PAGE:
Institute for Palestine Studies
|Motto||The oldest institute in the world devoted exclusively to documentation, research, analysis, and publication on Palestinian affairs and the Arab-Israeli conflict.|
|Headquarters||Anis Nsouli Street, Verdun|
The Institute for Palestine Studies (IPS) is the oldest independent nonprofit public service research institute in the Arab world. It was established and incorporated in Beirut, Lebanon, in 1963 and has since served as a model for other such institutes in the region. It is the only institute in the world solely concerned with analyzing and documenting Palestinian affairs and the Arab-Israeli conflict. It also publishes scholarly journals and has published over 600 books, monographs, and documentary collections in English, Arabic and French--as well as its renowned quarterly academic journals: Journal of Palestine Studies, Jerusalem Quarterly, and Majallat al-Dirasat al-Filistiniyyah. IPS's Library in Beirut is the largest in the Arab world specializing in Palestinian affairs, the Arab-Israeli conflict, and Judaica.
It is led by a Board of Trustees comprising some forty scholars, businessmen, and public figures representing almost all Arab countries. The Institute currently maintains offices in Beirut, Paris, Washington, and Ramallah.
It is independent of government, party, or political organization. IPS activities are financed by income from its endowment, contributions and gifts from donors, and sales of its publications.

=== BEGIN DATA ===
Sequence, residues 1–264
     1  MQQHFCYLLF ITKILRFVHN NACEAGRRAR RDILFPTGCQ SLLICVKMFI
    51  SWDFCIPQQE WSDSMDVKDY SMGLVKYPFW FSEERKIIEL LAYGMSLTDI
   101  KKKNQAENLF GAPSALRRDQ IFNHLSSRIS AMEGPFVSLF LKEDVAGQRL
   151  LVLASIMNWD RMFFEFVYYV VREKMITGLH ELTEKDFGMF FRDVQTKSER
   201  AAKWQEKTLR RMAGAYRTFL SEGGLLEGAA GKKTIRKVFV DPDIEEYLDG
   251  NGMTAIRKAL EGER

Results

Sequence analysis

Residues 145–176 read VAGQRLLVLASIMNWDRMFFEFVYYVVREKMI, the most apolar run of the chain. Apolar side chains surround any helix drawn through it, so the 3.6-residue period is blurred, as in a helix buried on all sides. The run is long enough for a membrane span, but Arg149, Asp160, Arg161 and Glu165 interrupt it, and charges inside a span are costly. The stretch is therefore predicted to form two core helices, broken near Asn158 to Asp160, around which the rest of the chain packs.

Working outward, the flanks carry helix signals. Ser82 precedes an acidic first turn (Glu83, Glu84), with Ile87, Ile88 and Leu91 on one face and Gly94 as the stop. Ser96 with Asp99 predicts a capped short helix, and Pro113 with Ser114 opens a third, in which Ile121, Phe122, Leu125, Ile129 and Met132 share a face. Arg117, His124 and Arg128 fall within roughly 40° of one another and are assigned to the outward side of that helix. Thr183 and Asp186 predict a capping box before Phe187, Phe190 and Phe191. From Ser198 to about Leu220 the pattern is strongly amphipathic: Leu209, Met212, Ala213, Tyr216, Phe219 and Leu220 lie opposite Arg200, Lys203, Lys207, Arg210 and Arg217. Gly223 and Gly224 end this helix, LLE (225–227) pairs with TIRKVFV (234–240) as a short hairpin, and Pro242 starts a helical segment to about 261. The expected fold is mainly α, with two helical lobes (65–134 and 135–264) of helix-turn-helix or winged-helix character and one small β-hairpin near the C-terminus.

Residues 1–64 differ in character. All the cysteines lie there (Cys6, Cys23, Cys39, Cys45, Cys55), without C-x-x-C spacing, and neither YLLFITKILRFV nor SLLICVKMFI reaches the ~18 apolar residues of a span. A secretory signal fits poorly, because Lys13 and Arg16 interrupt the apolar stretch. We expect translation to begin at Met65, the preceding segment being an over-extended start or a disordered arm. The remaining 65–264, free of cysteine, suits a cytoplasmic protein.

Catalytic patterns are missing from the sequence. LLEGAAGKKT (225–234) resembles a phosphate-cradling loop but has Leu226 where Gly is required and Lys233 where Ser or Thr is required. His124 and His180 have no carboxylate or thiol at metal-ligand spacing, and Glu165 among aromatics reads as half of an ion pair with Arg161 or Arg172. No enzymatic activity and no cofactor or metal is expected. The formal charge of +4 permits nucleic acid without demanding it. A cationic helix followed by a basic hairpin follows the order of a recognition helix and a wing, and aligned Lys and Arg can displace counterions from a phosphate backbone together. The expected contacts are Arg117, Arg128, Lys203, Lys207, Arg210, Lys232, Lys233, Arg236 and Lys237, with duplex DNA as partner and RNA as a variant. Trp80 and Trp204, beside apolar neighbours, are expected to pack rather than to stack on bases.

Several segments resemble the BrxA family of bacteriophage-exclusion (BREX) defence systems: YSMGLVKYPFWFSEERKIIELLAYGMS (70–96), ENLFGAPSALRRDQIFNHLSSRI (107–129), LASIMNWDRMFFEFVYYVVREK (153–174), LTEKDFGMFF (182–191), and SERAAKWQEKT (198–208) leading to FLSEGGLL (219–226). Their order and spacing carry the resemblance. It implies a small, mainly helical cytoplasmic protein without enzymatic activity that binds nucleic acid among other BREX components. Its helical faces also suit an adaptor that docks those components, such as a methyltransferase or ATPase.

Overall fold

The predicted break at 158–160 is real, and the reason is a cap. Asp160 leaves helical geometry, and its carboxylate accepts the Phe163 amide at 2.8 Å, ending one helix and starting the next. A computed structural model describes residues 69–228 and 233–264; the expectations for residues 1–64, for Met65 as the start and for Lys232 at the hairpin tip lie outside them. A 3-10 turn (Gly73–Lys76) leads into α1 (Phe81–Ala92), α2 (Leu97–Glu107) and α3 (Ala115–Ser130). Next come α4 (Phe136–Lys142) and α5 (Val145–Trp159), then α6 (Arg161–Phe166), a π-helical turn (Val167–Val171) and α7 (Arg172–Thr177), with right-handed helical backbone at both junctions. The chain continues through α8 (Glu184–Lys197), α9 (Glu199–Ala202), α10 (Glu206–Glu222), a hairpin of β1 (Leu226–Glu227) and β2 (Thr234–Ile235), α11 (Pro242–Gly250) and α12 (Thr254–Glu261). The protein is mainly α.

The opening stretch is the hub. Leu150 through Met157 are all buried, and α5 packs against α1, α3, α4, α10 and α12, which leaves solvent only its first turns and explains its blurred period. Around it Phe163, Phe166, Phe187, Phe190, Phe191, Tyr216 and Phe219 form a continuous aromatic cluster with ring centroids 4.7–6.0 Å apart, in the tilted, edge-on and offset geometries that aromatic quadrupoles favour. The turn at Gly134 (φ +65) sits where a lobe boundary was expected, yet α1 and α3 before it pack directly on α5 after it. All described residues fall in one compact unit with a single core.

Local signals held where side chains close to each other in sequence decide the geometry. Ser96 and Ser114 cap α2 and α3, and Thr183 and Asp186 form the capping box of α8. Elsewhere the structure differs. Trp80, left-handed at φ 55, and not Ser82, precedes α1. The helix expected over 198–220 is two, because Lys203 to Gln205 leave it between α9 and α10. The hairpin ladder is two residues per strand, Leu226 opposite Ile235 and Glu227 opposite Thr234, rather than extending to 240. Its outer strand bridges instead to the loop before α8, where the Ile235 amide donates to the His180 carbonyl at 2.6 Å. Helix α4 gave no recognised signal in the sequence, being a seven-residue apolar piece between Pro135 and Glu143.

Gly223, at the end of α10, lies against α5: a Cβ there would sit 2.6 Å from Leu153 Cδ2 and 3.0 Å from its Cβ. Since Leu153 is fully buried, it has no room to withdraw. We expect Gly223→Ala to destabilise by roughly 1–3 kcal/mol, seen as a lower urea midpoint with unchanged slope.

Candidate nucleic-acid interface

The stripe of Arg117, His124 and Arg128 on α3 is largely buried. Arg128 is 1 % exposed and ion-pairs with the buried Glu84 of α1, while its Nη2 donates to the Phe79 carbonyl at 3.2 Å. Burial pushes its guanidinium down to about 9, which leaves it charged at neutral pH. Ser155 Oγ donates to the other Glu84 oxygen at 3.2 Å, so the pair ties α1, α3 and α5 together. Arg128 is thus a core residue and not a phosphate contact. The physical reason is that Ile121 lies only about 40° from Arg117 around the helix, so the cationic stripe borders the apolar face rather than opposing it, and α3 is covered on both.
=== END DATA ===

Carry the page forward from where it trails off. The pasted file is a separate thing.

In 2006, the Institute for Palestine Studies launched the Congressional Monitor project, which tracks every legislative initiative introduced in the U.S. Congress that mentions Palestine or Israel or has bearing on the Palestinian-Israeli conflict. The project is online and users can access the legislation as well as the Congressional record from which it is drawn through the Congressional Monitor Database. Tips on using the database as well as a quick guide to the U.S. legislative process are provided.
The Institute's library is located at the Institutes's headquarters in Beirut. It is the largest in the Arab world specializing in Palestinian affairs, the Arab-Israeli conflict, and Judaica, with over 40,000 volumes, 400 current periodicals, 5,000 reels of film plus newspapers, maps, documents, and a large collection of private papers. It is also interested in studying and promoting knowledge of Hebrew.
The Institute publishes three quarterly journals in English and Arabic. These are independently edited and published from Washington, Paris, Jerusalem, and Beirut respectively. The journals are:
The Institute is led by a Board of Trustees composed of Arab scholars, businessmen, and public figures. A volunteer executive committee, elected by the Board, manage the regular activities. The trustees come from most Arab countries, including Algeria, Bahrain, Egypt, Jordan, Kuwait, Lebanon, Qatar, Saudi Arabia, United Arab Emirates and Yemen.